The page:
Then through photographic history different photogrpahers have brought something new. George Rodger one of the founder members of Magnum, he did brilliant work in Southern Sudan in the Nuba tribe, people like Ersnt Haas one of the first people to really understand colour and colour theory. Then modern day inspirations are people such as Salgado, his professionalism and his eye is unique and his dedication is incredible. I might look at fashion photographer Carter Smith, or listen to music. If I’m doing something in the US I might listen to Ry Cooder, or jazz or blues – to give you an idea of the emotion in your mind. I remember doing a shoot in California about surfing and I remember listening to surf music from the 50s and 60s and a film called Endless Summer by Bruce Brown – we used that a lot to influence what we were doing.
Matt Dutile: I want to ask about what looks like some really fantastic work for Lonely Planet Travel, in particular a story on Ethiopia which echoes some of the topics we have been talking about. How did you prepare? Searching for locations did you have a guide? How many days?
Philip Lee Harvey: I’d been to Ethiopia once before, about 10 years ago, I’d been all over the country but mainly in the South photographing in the Omo Valley. But I knew of these rock churches up in the North, I’d been to Lalibella before one of the centres of these amazing 6th- 7th century churches carved out of rock.
The concept there was how do we make a story about religion run over 10-12 pages, keep it colourful in a very dry place, keep it interesting and keep it current. Not make it look like it’s a historical piece. You still have pilgrims going there everyday from all over the world. But it should be interesting to people who aren’t necessarily interested in the religious aspect.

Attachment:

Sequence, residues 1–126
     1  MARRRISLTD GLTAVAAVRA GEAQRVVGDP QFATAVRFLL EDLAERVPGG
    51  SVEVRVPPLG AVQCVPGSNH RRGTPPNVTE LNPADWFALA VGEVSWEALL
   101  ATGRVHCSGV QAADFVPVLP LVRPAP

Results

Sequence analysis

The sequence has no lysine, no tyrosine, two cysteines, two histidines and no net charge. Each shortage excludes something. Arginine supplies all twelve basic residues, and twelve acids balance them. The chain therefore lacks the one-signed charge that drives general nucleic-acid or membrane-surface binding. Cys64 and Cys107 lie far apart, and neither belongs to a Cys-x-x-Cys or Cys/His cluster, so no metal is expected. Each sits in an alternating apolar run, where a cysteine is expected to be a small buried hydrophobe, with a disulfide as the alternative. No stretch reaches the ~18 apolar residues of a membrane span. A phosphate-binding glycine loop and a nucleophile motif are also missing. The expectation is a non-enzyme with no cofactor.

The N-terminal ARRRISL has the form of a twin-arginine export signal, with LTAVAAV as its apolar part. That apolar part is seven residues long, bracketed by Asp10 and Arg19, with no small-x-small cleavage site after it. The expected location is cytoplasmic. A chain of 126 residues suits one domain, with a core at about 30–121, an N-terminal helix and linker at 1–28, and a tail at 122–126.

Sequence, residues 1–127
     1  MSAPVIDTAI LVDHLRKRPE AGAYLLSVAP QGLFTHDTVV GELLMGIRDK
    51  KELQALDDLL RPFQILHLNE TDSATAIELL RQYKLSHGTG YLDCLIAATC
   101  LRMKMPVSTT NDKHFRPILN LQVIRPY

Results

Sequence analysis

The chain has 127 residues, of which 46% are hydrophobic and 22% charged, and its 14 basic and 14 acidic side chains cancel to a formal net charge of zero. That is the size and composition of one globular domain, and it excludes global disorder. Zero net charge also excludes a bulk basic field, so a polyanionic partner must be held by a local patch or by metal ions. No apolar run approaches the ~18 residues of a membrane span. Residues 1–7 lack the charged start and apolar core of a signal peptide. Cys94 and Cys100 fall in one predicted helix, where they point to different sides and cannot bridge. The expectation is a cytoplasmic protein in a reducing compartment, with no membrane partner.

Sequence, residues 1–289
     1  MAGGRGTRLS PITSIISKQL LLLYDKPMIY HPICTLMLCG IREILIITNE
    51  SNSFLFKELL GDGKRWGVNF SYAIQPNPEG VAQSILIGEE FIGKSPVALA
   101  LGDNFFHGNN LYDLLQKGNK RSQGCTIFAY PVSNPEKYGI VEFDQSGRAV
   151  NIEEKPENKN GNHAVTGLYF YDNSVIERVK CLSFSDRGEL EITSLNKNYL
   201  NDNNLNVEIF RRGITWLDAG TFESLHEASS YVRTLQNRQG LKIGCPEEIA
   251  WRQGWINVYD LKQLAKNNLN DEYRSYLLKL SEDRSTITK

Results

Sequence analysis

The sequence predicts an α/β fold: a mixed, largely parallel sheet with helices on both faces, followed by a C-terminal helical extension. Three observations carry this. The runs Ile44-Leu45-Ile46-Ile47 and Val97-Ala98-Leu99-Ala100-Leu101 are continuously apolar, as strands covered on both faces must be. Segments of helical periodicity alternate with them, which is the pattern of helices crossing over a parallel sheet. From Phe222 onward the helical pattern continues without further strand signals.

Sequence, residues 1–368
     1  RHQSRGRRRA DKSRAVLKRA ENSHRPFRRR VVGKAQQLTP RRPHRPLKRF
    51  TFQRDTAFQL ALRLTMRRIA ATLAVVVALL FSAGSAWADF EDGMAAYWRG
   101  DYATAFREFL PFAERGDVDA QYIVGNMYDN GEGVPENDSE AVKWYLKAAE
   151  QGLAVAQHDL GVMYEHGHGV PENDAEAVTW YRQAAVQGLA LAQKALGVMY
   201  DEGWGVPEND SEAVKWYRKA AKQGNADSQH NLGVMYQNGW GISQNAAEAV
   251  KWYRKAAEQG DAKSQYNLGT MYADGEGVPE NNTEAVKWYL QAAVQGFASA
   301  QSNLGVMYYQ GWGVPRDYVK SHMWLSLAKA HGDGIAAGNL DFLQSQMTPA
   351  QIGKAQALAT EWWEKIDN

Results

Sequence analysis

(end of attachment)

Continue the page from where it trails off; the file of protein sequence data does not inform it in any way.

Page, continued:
It started as a conversation between the writer and myself, we talked about the ideal places we’d like to go, we then contacted different tour companies in Ethiopia to see which one would be the right one for us to work with, they then put an itinerary together. We looked at it and juggled it and said ok. Some of it is a wishlist and some of it is due to the logistics and restraints of the time that you’ve got. One of the things I was told by my Art Director at the magazine was just be careful it doesn’t look too dusty, because people’s view of Ethiopia is a very dated one, rooted in the 1980s view of famine and war. And it’s not. It’s colourful and it has this biblical history and we wanted to bring that together in a lively way. We talked about what destinations would be good for people, what destinations would be good for landscapes
We discussed how to bring scale into the picture. Because when you have a church carved out of solid rock, you have no idea of the scale or how epic it is – we worked very hard on making it work. Then you treat day one like it’s your last day! You never know! You try everything you can. On a shoot you are learning a lot, you’re learning the way to do the shoot, you are learning the way to shoot the churches, you are taking the knowledge from one that didn’t work that well to the next one, then trying to make it work.